by Marion Nestle
Mar 23 2010

Calorie labeling to go national!

The impossibly impenetrable health care bill that just passed the House has one little piece of good news buried in it: national calorie labeling.

The provision covers chains with 20 outlets throughout the country and is supposed to go into effect in a year or so.  It also covers vending machines!  These are great steps.  Calorie labeling has two effects.  It educates anyone who is interested to look and think about it.  And it encourages chain restaurants to offer lower calorie options.  See note below giving the index to this section.

Cheers to Center for Science in the Public Interest, which has lobbied for years to get this into law.

Note:  Thanks to Ellen Fried for sending me this link to an Index to the menu labeling provision.

  • This policy was adopted in Philly a couple months ago. While I don’t tend to eat at chain restaurants, it’s really helpful for when I do.

  • Does the “health care reform” bill address REFORMING the food industry? ummmmm…nooooo..of course not!!why would it? Food has NOTHING to do with our health, not here, not in AMERICA, the land of “good health”!!The land of golden grains and fresh blue waters!!RIGHT???? Does the HEALTH CARE REFORM BILL ADDRESS what happens to the poor Americans, forced to pay for insurance, monthly, our of their already strained incomes, now, what are they going to do, when they go to the grocery store?? Continue with their same habits..go buy some cheetos, some soda , and sit in front of the boob tube, depressed about the taxes they face now, depressed about the rising costs of everything,and now having to pay for their own insurance premiums, and feeling so happy the BILL PASSED, but…oh…it costs extra…oh….they thought this was going to be a “GOOD” BILL…..

    People’s habits aren’t going to change..and until they do, health care won’t either. Their habits won’t change as long as that trash is on the shelf. It tastes good, and the stuff is being marketed into their faces. The government encourages THAT MARKETNG by accepting campaign & LOBBYING money from those junk food companies. That’s why FOOD INDUSTRY reform isn’t mentioned in health care reform…even though food manufacturing and production has EVERYTHING to do with health care reform.. it’s just that no one wants to face it. We will go into a great financial depression because of it..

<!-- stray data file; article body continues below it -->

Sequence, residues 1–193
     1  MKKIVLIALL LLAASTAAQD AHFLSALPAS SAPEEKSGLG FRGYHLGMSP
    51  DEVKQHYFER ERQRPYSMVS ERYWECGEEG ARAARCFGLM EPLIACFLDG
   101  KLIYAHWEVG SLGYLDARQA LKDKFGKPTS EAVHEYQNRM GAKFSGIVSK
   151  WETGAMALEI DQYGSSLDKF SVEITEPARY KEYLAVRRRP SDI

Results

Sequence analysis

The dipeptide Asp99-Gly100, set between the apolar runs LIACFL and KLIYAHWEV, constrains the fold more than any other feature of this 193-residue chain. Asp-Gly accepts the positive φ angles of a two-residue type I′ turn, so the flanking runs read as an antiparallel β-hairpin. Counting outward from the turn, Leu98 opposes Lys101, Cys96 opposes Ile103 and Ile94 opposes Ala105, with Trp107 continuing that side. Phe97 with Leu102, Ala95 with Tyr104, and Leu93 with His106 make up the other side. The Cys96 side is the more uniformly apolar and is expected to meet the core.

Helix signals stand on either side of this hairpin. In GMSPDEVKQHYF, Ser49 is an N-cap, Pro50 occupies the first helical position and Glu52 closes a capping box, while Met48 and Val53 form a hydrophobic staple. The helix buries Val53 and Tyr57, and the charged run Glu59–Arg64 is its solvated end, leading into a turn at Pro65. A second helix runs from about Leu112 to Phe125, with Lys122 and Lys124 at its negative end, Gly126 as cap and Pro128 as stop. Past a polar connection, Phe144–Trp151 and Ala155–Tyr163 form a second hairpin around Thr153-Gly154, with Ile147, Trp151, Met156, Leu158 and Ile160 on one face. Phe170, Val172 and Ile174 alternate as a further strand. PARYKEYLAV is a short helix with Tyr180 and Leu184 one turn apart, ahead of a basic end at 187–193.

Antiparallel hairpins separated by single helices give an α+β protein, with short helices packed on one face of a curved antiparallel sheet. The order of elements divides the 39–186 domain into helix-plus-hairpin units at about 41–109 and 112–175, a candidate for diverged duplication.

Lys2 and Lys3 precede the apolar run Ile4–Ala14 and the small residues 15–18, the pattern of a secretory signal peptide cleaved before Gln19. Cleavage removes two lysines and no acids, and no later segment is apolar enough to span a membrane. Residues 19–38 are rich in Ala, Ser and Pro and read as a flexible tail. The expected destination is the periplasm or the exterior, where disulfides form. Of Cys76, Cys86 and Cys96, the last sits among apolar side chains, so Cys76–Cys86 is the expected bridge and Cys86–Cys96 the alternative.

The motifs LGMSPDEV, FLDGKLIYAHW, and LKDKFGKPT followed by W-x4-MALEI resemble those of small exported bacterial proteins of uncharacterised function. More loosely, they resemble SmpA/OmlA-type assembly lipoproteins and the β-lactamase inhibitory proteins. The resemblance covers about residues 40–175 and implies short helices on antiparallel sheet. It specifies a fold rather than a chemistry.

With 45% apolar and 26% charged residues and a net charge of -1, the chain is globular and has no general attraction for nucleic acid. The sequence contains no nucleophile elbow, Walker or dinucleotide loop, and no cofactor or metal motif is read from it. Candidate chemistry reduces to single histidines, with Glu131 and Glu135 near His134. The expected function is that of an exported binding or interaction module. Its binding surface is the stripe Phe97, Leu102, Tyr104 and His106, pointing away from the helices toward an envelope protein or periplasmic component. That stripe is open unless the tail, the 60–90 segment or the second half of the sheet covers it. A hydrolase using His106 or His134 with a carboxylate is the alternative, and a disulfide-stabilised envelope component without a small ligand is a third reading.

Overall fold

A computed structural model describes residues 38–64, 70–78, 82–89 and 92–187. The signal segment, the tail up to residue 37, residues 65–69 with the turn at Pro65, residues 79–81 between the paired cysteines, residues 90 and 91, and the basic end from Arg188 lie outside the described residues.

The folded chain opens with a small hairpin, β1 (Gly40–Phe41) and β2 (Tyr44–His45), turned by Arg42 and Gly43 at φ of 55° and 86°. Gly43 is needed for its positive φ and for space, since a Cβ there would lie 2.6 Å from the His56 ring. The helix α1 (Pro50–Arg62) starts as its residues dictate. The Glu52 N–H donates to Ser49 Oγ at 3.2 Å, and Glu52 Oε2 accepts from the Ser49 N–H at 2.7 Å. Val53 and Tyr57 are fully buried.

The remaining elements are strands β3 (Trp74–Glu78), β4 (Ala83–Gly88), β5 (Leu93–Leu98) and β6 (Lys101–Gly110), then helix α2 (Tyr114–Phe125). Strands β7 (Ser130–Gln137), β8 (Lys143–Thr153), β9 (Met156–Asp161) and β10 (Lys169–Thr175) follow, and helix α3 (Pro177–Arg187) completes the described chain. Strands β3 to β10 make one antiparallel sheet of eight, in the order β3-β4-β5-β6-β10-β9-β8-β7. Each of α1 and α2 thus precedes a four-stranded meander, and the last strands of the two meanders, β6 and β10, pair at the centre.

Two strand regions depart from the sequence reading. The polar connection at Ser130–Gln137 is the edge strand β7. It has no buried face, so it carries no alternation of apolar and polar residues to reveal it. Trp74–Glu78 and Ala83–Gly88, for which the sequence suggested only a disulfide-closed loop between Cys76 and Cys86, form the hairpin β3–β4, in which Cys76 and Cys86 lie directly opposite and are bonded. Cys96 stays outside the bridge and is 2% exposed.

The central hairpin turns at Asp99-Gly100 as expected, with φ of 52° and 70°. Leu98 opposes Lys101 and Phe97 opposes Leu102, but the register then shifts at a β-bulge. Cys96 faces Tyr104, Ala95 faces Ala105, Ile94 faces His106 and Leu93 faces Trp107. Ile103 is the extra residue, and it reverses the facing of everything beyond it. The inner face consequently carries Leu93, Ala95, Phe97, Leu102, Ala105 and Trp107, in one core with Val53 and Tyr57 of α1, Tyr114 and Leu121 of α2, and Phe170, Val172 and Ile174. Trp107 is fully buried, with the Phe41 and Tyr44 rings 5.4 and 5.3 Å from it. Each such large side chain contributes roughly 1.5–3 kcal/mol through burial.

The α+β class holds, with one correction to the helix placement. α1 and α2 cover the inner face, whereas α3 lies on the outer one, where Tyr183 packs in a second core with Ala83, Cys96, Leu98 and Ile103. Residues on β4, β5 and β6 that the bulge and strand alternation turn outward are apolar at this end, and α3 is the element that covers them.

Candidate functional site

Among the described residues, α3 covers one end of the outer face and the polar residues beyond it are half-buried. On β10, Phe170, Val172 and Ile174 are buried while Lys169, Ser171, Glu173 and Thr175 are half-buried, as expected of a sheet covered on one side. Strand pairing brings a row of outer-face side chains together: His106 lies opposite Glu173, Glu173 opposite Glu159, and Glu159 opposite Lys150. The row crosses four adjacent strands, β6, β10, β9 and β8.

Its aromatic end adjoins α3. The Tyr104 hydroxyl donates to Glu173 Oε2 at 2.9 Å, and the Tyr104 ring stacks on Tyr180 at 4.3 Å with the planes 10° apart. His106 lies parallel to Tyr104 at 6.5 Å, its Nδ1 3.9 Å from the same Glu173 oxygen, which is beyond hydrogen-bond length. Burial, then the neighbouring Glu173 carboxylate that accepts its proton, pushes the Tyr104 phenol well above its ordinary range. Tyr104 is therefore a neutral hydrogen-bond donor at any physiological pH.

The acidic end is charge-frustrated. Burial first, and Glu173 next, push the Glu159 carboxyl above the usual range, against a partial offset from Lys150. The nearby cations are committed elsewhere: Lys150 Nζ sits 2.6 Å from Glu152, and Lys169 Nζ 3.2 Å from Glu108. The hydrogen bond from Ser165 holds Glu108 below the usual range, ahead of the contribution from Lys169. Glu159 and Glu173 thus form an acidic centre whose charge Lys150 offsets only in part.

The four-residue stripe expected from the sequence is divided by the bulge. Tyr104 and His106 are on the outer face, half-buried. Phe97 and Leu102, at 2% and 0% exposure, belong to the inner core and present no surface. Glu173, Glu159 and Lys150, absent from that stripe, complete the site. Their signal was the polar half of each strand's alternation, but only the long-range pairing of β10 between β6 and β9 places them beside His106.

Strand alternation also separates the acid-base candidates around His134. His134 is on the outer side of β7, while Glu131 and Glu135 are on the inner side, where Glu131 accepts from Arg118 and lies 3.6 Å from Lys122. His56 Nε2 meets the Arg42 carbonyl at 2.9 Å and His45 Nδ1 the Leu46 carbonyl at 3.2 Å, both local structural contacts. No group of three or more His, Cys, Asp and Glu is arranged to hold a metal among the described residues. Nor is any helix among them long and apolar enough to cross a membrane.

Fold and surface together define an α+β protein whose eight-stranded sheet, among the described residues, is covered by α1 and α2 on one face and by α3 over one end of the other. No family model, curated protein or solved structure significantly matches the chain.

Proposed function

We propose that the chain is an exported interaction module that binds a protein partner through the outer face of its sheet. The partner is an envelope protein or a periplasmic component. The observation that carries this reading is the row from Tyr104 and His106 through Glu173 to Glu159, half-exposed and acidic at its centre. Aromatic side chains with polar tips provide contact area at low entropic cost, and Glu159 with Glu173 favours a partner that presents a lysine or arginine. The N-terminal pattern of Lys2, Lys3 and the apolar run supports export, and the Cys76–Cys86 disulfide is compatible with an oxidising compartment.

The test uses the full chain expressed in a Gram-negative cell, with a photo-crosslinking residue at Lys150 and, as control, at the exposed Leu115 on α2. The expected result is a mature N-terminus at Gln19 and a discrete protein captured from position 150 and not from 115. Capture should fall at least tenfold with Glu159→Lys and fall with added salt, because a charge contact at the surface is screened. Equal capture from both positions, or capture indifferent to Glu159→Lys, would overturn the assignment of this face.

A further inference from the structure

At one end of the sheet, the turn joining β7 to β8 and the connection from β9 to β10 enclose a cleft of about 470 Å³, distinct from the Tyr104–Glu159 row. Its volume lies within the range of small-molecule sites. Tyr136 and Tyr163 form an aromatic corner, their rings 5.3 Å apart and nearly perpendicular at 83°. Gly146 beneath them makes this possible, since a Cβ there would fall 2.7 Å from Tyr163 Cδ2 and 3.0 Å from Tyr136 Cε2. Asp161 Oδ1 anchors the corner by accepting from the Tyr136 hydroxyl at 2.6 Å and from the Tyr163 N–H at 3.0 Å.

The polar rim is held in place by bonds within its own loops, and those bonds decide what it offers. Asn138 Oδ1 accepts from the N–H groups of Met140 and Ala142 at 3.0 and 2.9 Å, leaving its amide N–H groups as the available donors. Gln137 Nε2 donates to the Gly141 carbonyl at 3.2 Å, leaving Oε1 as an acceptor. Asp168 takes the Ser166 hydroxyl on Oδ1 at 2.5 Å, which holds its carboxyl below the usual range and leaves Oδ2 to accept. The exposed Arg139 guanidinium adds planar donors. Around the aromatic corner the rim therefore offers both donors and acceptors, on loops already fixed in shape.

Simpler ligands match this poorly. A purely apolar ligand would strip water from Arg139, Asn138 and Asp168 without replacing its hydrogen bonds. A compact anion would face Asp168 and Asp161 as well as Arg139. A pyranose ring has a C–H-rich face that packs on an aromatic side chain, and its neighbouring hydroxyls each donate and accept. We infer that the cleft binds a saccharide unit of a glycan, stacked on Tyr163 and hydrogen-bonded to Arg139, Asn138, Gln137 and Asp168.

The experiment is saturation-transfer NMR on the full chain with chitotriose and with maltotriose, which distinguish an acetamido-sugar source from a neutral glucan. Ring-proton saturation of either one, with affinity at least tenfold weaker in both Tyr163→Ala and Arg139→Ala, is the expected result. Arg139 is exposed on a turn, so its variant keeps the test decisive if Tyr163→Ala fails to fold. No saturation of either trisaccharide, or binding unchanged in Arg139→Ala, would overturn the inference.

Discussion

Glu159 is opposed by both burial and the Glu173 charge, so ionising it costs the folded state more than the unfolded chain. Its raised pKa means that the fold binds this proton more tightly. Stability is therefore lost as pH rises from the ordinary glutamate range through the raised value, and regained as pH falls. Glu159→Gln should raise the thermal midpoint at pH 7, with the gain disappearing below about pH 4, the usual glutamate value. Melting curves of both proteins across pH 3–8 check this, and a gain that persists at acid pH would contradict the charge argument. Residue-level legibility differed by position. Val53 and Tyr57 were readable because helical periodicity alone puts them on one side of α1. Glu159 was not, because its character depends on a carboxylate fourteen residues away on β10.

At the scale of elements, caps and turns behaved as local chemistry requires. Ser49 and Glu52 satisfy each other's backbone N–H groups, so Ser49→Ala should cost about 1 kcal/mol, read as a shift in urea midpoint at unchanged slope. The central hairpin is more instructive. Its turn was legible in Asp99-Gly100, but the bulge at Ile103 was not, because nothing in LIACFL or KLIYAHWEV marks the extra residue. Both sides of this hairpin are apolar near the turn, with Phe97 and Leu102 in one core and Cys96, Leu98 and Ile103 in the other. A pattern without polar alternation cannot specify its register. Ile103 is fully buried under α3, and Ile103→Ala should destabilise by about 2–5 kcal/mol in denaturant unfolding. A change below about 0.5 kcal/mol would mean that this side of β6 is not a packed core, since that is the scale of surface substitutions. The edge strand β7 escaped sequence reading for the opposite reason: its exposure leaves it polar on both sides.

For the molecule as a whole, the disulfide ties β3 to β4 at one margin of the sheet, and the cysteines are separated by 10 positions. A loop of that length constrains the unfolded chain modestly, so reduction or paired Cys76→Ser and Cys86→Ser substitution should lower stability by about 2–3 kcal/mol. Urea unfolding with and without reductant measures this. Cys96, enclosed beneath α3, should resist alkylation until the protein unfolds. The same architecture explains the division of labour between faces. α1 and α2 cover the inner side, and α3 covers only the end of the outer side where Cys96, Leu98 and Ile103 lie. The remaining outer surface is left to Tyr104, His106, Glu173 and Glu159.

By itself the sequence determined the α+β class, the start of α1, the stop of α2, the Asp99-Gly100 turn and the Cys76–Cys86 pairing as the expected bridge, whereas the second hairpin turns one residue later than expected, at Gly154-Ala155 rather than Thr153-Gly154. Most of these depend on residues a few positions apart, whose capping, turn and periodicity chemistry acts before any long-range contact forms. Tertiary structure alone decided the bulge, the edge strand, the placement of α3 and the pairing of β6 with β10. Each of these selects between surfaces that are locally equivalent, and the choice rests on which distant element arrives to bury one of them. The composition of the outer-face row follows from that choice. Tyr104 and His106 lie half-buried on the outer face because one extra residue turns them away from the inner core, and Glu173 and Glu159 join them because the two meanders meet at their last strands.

• Anthro

    I would argue that the Health Care Reform Bill has more than “one little piece” of good news…” such as my 21 year old granddaughter. who has a terrible case of psoriasis, can now remain on her parents’ insurance until she finishes college and (hopefully) finds a job with benefits or obtains her own insurance in spite of this pre-existing condition.

    Nevertheless, I am very happy to hear of this tidbit. Also, Starbucks will quickly and happily tell you the calorie content of their bakery items if you ask. They posted the calories on a cookie for awhile, but I think it was an experiment because it didn’t last very long.

  • More small steps in the right direction 🙂

  • i mean is this a good thing or a necessary step of “fight obesity”… it’s not about the calories it is about the nutrients and eating whole food. a step in the right direction would entail getting rid of the inside of the grocery store, soy, HFCS, and growing hierloom seeds and raising humane animals. regardless of what calories are in my food, as long as my food is REAL i could care less about the calories. they become a problem only when you add in unnatural foods.

  • This provision includes vending machines as well.

  • utouchmyheart

    Sadly, calories have very little to do with what people should choose to eat. They also have very little to do with obesity. Nutrient dense high calorie food is a much healthier option than nutrient deficient low calorie food. If only calories counted we could all drink 0 calorie diet soda and have the perfect body composition, right? This is a misguided PR attempt to look as if this bill includes some positives.
    Fast Food chains are not interested in offering healthy options, they are interested in moving as much food and as many people through their restaurant as possible. Being forced to offer a lower calorie option will simply result in even less quality food being offered.